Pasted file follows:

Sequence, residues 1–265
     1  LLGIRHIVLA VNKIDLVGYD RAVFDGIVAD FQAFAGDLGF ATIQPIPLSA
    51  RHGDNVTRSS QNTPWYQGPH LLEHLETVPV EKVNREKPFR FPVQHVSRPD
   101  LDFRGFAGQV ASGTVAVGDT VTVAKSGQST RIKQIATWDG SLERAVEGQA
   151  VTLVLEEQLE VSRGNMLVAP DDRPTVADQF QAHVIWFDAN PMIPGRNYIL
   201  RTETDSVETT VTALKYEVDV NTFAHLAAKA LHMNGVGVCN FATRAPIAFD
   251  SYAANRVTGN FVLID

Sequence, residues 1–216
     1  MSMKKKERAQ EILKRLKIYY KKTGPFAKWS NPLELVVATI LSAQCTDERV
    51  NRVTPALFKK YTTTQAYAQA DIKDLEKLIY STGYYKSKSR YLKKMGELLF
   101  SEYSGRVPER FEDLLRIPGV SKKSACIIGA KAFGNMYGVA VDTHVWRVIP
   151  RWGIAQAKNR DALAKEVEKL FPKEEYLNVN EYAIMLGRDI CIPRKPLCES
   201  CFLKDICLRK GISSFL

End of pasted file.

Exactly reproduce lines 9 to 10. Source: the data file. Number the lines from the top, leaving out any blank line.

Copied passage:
     1  MSMKKKERAQ EILKRLKIYY KKTGPFAKWS NPLELVVATI LSAQCTDERV
    51  NRVTPALFKK YTTTQAYAQA DIKDLEKLIY STGYYKSKSR YLKKMGELLF